Oxygen Blowing Lance and its Role in Basic Oxygen Furnace In the basic oxygen furnace (BOF) steel making a water-cooled lance is used for injecting a high velocity (super-sonic) stream of oxygen onto the liquid bath for its refining. The velocity or momentum of the oxygen jet results in the penetration of the liquid slag and metal to promote oxidation reactions over a relatively small area. The velocity of the oxygen jet and the penetration characteristics are functions of the nozzle (lance tip) design. The top-blowing lance oxygen jet of the BOF converter works as the source of feeding oxygen and energy for stirring of the liquid metal in the bath. Major in-furnace phenomena of a BOF converter that involve the top-blowing lance oxygen jet are formation of a cavity as a result of physical interaction between the oxygen jet and liquid metal, stirring of liquid metal, generation of spitting and dust, and post combustion of CO gas generated by decarburization and reaction with oxygen. For the optimization of BOF converter operation and control the above phenomena, different devices and improvements have been made and applied to the design and operation of top-blowing lance. Examples of these include the employment of Laval nozzles capable of converting pressure energy to jet kinetic energy with high efficiency in order to promote stirring of liquid metal, and the use of a multi-hole lance that enables high-speed oxygen feeding while suppressing generation of spitting and dust by dispersing of the oxygen jet. With the introduction of combined blowing in the BOF converters, the role of top-blowing lance jets as the source of energy for stirring liquid metal iron declined and flexibility in design and operation has been enhanced significantly. The main reason for blowing oxygen into the liquid...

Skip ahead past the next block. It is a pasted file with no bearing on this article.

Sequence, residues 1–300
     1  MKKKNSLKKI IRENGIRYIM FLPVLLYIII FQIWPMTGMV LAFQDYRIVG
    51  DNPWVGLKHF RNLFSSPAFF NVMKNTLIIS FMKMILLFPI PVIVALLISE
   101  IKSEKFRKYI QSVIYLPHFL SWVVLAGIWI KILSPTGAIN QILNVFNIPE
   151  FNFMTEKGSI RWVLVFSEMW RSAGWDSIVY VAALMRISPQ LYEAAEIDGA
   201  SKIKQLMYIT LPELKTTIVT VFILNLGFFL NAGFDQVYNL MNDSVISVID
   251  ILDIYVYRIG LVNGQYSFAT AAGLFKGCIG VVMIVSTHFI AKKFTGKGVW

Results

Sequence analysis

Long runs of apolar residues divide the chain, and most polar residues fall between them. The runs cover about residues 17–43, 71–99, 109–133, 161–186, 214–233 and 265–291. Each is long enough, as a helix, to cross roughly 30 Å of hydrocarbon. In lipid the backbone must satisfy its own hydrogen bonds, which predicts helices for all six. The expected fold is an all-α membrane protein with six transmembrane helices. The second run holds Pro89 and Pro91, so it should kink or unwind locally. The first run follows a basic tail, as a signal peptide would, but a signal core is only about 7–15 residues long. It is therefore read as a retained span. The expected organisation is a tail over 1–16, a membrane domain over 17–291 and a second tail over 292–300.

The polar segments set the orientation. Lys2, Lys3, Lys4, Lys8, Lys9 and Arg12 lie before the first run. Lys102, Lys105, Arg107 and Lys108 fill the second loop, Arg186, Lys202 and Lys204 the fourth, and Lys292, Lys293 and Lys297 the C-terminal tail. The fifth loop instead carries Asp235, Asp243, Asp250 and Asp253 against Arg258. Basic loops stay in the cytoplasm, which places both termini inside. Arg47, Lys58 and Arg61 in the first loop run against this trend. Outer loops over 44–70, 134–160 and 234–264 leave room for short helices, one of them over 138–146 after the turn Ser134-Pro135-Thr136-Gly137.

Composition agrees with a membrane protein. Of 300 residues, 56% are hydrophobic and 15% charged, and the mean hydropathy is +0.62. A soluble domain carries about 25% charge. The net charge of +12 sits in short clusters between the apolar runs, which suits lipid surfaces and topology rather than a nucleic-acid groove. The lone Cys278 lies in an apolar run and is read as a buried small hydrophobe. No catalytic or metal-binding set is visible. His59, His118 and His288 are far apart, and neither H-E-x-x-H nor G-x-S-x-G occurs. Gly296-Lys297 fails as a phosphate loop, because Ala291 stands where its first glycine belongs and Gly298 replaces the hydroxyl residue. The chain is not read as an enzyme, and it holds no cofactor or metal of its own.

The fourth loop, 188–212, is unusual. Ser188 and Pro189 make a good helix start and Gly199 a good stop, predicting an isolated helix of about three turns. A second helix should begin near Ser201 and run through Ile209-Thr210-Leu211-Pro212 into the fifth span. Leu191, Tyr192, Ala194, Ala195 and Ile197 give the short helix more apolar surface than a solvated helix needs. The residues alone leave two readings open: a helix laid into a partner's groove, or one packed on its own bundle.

Factors affecting Lining Life of a Basic Oxygen Converter Sep20

Factors affecting Lining Life of a Basic Oxygen Converter...